Munira Mirza, Deputy Mayor for Education and Culture said: 'This important conference is a unique opportunity for the education establishment in the capital to hear about some of the most exciting and innovative approaches to teaching from around the world. London does not exist in a vacuum and we are not competing solely with the rest of the country. As a world city, we compete at a global level and it is vital we learn about the best from the best.'

As well as Mayor Johnson and Deputy Mayor Mirza, today's conference also heard from speakers, who included the Secretary of State for Education, the Rt. Hon. Michael Gove MP; Joel Klein, Chief Executive Officer, Amplify and former New York Education Commissioner; Andreas Schleicher, Deputy Director for Education and Skills at OECD and Special Advisor on Education Policy to the OECD's Secretary-General; Professor David Hogan, former Principal Research Scientist, National Institute of Education, Singapore; Kaya Henderson, Chancellor of Washington DC Public Schools; Sander Dekker, Minister for Primary and Secondary Education, the Netherlands.

To download the annual report on education in the capital, find out more about the London Schools Gold Club and London Schools Excellence Fund, please go to: http://www.london.gov.uk/priorities/young-people. You can also find out about the London Schools Atlas, which provides a comprehensive overview of primary and secondary schools in the capital at www.london.gov.uk/london-schools-atlas.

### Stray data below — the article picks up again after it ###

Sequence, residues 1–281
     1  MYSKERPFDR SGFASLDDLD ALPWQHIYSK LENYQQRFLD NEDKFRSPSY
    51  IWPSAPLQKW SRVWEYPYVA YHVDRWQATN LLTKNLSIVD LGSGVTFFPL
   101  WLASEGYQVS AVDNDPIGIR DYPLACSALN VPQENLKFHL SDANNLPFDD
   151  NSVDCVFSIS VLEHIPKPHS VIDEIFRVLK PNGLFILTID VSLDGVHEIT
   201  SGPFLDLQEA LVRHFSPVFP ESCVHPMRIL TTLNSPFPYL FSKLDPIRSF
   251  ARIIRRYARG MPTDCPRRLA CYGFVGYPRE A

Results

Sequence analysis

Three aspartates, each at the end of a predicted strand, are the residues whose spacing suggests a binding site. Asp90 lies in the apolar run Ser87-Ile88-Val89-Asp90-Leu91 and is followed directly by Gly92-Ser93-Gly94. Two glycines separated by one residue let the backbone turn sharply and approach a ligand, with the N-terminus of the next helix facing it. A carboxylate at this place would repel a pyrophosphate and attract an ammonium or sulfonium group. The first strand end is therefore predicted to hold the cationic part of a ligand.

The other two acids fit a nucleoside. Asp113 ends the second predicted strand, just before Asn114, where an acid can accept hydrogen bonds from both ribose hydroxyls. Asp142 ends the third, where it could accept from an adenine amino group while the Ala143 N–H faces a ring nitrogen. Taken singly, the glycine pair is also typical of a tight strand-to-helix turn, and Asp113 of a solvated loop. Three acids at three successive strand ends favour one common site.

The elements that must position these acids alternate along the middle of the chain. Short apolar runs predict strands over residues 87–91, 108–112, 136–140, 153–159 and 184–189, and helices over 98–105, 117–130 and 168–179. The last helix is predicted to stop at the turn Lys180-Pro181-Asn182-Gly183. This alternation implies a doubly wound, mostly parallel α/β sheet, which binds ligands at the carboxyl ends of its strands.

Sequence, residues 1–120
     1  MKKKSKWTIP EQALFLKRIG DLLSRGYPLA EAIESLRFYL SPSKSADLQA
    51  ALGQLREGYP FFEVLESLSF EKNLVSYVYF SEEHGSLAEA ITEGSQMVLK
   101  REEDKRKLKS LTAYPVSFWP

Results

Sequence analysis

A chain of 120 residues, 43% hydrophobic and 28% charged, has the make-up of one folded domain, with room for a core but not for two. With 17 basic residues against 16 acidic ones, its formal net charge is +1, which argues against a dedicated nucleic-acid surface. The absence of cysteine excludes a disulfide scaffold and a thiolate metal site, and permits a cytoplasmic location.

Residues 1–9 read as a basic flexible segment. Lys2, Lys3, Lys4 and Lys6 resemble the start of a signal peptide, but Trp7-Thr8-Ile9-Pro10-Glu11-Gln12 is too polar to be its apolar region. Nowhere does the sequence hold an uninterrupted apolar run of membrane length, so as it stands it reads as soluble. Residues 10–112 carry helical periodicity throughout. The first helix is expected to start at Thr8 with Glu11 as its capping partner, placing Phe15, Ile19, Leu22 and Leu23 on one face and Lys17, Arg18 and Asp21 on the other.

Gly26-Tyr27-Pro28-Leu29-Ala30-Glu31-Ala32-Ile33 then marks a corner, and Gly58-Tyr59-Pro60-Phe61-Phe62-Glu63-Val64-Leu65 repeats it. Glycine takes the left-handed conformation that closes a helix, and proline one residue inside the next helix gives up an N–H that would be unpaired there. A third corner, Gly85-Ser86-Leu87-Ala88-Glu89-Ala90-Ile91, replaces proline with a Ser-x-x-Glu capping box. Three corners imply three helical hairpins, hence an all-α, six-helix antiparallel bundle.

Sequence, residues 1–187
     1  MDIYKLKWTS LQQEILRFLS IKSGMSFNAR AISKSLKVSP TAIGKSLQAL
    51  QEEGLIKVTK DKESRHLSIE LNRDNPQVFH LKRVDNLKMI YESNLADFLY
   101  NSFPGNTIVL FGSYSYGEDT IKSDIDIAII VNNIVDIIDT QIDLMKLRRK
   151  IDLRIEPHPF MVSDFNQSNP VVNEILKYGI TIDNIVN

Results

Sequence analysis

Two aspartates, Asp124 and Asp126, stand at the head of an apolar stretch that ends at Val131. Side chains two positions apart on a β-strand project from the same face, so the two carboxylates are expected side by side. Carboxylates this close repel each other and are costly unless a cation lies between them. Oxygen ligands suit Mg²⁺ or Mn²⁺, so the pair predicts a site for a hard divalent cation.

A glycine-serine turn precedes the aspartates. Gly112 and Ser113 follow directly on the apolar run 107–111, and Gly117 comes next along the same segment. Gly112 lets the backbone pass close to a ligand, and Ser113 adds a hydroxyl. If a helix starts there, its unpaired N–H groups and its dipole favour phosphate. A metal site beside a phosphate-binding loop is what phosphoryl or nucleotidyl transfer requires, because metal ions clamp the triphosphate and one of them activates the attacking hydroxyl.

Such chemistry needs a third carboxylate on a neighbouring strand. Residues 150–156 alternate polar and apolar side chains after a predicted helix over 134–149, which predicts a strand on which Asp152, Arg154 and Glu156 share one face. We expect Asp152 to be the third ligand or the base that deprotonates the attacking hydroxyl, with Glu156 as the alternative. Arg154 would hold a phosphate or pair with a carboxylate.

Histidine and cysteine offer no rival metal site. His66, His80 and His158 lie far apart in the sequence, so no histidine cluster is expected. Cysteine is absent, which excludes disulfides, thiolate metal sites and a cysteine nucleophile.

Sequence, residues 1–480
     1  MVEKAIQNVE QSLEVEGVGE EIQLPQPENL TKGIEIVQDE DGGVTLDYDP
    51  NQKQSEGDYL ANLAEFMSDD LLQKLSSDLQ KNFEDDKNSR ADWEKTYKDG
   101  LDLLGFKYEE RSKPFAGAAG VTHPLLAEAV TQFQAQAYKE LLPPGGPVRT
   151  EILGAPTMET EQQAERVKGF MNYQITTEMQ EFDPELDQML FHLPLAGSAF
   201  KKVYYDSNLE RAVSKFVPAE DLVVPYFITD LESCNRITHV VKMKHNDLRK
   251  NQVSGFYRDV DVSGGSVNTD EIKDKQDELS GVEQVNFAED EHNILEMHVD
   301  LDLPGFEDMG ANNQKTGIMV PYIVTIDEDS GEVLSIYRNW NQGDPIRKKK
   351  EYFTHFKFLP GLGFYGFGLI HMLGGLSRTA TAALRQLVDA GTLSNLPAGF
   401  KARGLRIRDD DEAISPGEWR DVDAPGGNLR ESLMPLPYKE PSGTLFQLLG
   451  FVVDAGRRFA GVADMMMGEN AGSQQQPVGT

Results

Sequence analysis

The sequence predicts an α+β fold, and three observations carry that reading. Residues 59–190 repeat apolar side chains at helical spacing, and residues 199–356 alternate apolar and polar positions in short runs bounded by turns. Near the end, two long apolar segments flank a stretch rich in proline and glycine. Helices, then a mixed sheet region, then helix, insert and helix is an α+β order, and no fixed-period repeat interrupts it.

Notes to editors

1. Speakers at the Mayor of London's Annual Education Conference include: Boris Johnson, Mayor of London; Michael Gove, Secretary of State for Education; Munira Mirza, Deputy Mayor for Education and Culture; Joel Klein, Chief Executive Officer, Amplify and former New York Education Commissioner; Andreas Schleicher, Deputy Director for Education and Skills at OECD and Special Advisor on Education Policy to the OECD's Secretary-General; Professor David Hogan, former Principal Research Scientist, National Institute of Education, Singapore; Kaya Henderson, Chancellor of Washington DC Public Schools; Sander Dekker, Minister for Primary and Secondary Education, the Netherlands.